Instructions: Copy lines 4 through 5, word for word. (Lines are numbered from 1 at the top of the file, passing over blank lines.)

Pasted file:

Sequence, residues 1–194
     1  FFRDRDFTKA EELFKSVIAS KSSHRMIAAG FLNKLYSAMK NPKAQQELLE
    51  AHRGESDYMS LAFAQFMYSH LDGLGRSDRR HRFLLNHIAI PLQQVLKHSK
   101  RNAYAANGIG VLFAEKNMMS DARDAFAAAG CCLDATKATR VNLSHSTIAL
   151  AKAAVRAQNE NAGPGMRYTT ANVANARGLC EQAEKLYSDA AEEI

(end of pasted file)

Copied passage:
   101  RNAYAANGIG VLFAEKNMMS DARDAFAAAG CCLDATKATR VNLSHSTIAL
   151  AKAAVRAQNE NAGPGMRYTT ANVANARGLC EQAEKLYSDA AEEI